Not a silly question, but an entire class of questions, including "How long should my dissertation be?," "How should my dissertation be structured?," "How many graphs or tables should I use?," "What goes in the appendix?," and a host of other related questions. Long-time PhinisheD pillar David always has the same response: Go to the library and look at the last three dissertations to come out of your advisor's lab. That is David's Rule, and you would be wise to heed it. Familiarizing yourself with work your advisor has already approved will benefit you in countless ways.

How do you manage references?/What bibliographic software do you use?
Many people at PhinisheD have asked about experiences with various bibliographic software.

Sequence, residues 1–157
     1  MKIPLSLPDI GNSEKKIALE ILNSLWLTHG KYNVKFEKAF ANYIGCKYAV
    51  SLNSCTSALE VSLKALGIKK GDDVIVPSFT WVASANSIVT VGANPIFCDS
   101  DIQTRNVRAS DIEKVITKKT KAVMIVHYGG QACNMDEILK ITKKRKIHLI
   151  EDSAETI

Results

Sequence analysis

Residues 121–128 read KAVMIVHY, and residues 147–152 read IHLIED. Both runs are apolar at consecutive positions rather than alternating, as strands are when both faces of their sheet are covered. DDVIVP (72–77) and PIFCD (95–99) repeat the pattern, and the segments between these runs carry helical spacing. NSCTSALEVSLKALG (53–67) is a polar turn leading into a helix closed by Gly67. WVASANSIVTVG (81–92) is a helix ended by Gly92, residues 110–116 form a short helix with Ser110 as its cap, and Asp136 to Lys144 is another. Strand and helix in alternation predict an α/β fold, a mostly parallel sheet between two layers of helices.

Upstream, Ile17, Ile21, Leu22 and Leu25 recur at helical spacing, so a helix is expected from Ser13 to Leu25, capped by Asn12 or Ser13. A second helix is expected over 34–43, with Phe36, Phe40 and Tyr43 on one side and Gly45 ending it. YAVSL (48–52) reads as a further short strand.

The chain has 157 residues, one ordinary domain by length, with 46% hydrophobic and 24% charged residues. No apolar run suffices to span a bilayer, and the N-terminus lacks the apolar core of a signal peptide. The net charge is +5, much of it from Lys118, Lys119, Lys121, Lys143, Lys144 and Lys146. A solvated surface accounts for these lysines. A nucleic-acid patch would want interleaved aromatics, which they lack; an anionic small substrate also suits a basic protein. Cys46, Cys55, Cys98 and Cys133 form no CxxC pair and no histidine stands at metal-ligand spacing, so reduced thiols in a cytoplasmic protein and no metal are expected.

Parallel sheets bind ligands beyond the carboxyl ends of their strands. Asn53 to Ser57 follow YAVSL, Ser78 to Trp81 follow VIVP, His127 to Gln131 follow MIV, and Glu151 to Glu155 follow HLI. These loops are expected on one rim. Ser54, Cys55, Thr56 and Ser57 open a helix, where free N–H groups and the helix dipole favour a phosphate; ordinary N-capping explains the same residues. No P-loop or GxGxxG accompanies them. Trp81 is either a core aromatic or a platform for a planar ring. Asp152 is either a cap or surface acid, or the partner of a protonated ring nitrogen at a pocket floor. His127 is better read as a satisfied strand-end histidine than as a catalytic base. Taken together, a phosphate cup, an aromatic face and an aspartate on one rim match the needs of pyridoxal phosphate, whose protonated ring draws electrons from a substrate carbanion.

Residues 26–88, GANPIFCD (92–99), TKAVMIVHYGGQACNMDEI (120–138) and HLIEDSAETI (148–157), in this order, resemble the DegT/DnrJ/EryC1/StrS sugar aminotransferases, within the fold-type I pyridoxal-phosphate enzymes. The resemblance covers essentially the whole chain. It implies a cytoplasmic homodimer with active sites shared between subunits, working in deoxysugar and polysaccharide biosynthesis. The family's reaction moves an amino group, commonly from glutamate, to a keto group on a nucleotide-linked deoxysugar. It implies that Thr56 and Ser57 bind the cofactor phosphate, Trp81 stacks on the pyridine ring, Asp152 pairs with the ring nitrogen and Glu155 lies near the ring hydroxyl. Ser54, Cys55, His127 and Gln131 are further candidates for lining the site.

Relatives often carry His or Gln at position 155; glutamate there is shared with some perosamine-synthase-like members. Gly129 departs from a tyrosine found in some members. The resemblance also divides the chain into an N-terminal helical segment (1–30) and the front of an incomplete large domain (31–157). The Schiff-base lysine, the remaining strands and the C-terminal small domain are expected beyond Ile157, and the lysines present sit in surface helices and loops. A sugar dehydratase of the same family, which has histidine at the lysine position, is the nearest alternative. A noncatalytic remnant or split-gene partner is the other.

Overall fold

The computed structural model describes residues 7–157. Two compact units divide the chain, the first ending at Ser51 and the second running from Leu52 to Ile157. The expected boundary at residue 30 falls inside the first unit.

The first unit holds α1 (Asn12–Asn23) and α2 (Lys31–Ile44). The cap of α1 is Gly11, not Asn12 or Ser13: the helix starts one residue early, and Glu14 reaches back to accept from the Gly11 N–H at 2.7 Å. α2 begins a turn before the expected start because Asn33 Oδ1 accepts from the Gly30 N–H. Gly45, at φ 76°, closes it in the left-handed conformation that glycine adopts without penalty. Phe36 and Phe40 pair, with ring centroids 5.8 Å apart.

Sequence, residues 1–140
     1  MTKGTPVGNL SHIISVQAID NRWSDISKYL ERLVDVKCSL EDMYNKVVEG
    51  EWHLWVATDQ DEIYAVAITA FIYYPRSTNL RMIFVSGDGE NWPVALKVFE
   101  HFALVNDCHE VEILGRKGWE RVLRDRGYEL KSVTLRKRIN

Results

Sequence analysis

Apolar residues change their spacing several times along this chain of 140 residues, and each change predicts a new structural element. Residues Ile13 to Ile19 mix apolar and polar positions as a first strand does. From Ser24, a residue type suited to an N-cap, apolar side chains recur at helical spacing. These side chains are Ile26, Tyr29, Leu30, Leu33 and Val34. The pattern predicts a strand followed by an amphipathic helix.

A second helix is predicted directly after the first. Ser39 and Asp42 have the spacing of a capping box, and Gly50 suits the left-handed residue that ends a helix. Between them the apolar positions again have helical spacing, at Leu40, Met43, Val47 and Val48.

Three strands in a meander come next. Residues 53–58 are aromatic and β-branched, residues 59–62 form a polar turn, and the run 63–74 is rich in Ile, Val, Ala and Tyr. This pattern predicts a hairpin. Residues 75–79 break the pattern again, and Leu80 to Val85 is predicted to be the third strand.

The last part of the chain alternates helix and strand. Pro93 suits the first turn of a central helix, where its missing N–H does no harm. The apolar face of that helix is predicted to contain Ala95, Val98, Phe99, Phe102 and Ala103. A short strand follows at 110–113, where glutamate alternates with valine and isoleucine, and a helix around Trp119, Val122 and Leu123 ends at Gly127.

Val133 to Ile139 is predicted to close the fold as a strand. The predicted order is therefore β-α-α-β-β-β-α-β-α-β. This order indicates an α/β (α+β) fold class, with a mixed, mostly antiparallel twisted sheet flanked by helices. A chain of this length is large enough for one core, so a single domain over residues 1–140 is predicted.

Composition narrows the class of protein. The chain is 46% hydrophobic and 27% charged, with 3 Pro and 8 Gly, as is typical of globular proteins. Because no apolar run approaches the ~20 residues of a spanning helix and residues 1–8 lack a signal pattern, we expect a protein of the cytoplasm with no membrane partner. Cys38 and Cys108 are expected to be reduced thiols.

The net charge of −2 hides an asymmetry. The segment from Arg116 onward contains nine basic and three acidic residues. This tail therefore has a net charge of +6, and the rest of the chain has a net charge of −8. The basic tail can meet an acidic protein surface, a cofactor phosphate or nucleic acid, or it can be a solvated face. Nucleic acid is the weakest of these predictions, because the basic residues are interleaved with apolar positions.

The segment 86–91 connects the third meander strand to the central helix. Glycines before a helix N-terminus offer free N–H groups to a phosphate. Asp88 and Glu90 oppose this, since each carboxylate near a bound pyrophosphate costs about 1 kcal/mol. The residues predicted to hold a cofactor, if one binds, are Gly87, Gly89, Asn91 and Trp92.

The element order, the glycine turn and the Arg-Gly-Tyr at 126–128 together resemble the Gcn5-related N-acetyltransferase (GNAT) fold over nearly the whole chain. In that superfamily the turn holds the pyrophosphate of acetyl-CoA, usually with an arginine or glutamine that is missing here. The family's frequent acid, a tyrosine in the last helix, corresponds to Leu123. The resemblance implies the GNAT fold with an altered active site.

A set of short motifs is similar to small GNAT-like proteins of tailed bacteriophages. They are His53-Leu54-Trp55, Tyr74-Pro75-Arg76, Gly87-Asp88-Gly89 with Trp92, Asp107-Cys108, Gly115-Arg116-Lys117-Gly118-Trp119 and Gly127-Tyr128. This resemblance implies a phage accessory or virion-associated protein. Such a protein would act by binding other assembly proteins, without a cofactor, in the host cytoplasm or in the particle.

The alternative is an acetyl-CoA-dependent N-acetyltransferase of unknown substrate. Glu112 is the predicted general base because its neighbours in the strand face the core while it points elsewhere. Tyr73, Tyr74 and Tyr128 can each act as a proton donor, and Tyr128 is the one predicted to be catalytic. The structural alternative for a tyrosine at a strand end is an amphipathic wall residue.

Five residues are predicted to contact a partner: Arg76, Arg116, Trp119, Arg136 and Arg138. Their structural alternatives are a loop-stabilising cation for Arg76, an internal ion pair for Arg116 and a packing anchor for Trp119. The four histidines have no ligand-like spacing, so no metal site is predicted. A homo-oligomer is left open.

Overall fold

• Many PhinisheD users recommend EndNote to search online bibliographic databases, organize references, and create instant bibliographies. EndNote integrates well with Microsoft Word and Word Perfect (Windows and Mac, student $110, free trial version).
  • From the same company that makes Endnote, ProCite is another popular bibliographic program (Windows and Mac, student $110, free trial version).
  • Ibidem is part of an integrated academic package from Nota Bene (Windows, student pricing for Nota Bene Scholar's Workstation $249, free trial version).
  • Citation combines a bibliography and notecard program (Windows, academic $199, free trial version).
  • A free bibliographic option for Mac users is the limited version of Papyrus. This has all the features of the full version of Papyrus ($90), except each bibliography database is limited to 200 entries. Program is no longer being updated.